In just two weeks, people who live in public housing will no longer be allowed to smoke in their apartments, or anywhere on the grounds of the complex.
It's a nationwide public housing smoking ban from HUD that HANO is enacting and will be enforcing locally. It has some residents upset that the rules have changed since they moved in.
The rule is for everyone - residents as well as employees, guests and service people, and there can be fines, and even termination, for tampering with smoke detectors or not following the policy.
"I've been smoking since I was 15 years old. I'm 70," said public housing resident Juanita Joseph.
She knows for her, the new no smoking policy is going to be difficult.
"That means I have to go over, cross the street to smoke a cigarette, and if I'm a chain smoker, that mean every 10 minutes or every 20 minutes, I have to come out and go there, when the weather bad. When it's hot," complained Joseph.
After nearly 50 years, public housing resident Angie Green is working hard to be smoke free for a year now.
"I don't think it's fair. I think they should have somewhere where they smoke at and somewhere where the people that don't smoke, don't smoke," said Green.
HUD sites the serious, even deadly health hazards of second-hand smoke, especially for children whose lungs and brains are developing. HUD also cited third-hand smoke. That's the residue of nicotine and chemicals that stick to indoor surfaces, creating a toxic mix of cancer-causing compounds. They say it will save money from property damage, cleaning, insurance and liability.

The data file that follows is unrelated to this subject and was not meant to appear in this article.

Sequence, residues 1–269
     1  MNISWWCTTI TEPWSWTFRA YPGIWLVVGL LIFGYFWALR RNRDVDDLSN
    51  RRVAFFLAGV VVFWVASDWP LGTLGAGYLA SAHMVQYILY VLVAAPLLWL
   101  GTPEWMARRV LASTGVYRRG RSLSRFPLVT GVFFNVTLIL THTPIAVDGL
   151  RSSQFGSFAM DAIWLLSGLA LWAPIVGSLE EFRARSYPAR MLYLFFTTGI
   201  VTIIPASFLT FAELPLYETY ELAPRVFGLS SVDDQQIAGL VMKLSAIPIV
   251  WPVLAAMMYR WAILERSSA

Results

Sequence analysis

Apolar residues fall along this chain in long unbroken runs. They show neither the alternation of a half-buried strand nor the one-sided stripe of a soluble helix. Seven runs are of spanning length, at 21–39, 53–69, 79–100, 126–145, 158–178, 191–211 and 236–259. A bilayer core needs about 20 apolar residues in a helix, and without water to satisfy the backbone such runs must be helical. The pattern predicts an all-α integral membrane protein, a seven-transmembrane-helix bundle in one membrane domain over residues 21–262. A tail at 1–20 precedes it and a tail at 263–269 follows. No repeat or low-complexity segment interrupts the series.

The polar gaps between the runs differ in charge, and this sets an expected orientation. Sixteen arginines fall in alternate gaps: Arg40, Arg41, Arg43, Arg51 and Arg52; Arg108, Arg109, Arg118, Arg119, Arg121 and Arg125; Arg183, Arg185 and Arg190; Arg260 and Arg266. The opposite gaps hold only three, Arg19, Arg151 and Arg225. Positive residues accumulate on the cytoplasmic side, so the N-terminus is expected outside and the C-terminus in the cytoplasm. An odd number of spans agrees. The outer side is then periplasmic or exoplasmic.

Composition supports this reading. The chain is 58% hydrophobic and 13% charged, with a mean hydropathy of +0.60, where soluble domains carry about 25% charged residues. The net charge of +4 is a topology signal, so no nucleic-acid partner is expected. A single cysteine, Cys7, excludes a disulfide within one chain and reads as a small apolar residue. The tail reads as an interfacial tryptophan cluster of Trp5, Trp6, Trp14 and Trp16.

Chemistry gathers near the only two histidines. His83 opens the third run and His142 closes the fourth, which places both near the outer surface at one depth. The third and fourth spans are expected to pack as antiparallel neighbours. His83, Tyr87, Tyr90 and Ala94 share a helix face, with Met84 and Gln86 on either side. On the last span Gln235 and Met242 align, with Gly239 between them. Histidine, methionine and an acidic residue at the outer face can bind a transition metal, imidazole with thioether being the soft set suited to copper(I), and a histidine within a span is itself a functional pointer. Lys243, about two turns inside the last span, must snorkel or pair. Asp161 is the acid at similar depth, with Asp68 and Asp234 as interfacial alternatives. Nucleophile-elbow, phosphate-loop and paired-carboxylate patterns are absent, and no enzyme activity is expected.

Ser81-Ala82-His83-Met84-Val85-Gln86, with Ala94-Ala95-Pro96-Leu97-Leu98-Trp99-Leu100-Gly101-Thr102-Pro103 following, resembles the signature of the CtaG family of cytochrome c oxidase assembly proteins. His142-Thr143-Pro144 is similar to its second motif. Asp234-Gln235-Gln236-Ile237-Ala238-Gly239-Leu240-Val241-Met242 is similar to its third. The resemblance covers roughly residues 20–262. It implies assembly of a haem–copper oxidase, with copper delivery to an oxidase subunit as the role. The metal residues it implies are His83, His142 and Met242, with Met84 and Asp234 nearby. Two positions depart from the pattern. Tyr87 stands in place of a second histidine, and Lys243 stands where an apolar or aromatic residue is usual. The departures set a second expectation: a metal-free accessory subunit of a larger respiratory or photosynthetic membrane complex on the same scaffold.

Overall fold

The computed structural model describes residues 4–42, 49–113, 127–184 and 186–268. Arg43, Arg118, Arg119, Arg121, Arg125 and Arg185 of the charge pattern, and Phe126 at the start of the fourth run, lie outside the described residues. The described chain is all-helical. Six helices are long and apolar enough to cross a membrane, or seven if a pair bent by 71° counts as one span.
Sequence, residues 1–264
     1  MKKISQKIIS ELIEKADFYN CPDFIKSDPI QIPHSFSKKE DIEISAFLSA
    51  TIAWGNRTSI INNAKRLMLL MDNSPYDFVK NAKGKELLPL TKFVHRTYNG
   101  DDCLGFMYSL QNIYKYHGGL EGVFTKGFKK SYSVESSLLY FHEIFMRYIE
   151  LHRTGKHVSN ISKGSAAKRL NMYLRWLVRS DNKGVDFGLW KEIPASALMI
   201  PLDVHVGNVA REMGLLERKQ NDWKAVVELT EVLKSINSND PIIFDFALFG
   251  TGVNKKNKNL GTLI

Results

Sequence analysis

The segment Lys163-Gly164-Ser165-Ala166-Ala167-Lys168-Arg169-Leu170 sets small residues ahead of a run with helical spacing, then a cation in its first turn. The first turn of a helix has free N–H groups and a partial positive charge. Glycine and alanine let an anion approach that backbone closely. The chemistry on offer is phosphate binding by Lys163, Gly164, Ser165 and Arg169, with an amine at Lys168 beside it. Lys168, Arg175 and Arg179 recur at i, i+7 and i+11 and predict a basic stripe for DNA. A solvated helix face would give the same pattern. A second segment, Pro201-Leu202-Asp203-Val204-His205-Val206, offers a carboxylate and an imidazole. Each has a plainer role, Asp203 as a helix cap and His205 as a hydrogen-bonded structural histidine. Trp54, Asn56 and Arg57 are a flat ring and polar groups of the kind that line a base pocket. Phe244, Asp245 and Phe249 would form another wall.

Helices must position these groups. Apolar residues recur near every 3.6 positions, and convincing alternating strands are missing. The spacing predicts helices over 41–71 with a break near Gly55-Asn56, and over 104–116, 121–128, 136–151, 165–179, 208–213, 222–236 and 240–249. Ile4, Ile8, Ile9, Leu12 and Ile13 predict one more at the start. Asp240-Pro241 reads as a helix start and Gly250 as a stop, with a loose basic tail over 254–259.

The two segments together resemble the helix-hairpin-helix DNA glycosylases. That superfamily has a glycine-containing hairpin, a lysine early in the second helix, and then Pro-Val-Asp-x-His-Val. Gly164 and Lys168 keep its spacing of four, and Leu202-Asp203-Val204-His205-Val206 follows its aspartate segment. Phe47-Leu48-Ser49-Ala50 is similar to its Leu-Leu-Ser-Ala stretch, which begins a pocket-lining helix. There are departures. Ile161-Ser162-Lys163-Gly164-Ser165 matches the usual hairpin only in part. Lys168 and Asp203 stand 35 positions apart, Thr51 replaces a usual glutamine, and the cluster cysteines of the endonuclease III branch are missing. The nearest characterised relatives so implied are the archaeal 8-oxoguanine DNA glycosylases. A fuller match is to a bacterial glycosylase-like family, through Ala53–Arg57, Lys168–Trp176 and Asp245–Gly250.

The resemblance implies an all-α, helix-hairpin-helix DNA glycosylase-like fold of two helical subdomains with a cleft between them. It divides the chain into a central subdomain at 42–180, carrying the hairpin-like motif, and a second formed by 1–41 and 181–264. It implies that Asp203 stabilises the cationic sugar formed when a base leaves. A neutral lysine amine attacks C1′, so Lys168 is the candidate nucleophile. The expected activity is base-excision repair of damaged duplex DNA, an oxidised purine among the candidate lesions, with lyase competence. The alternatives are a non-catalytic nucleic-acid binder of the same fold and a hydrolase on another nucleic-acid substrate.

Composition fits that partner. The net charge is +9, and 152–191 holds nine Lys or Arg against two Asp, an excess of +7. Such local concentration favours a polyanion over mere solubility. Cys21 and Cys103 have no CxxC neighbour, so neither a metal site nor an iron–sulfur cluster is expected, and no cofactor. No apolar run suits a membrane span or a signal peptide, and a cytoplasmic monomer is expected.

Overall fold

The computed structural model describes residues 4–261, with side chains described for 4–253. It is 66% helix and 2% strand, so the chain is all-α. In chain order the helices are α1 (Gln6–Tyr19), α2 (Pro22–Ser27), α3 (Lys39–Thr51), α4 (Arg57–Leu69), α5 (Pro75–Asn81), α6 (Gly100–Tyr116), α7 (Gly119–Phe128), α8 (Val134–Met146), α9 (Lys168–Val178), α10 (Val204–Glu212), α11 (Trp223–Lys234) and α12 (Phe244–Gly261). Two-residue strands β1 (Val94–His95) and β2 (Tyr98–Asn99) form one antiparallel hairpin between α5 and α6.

The residents say when they moved in they already knew they were not allowed to smoke in bed, due to the deadly fire hazard of falling asleep with a lit cigarette, but now they had to sign a document saying they know that come July 30, they must be outside and 25 feet from the building.
"I think it's bad. I understand the costs because the nicotine do get in, and they have to, but regardless, you demanding that people stop," said Joseph.
Both of the women we spoke with have serious lung or heart health problems. When the ban was passed under the Obama administration, HUD said it hoped this would encourage residents to quit smoking.
So if you need help, call The Louisiana Smoking Cessation Trust.
You get, at no cost, any of the following cessation services: cessation medications, individual / group cessation counseling, telephone quit-line support, and/or Intensive cessation support services. By using these services, evidence suggests that you will increase the success rate of your attempts to stop smoking, and successfully quit long term.
For a HUD Smoke free guide, click here.
For more information on the HANO policy, click here.
Meg Farris can be reached at firstname.lastname@example.org.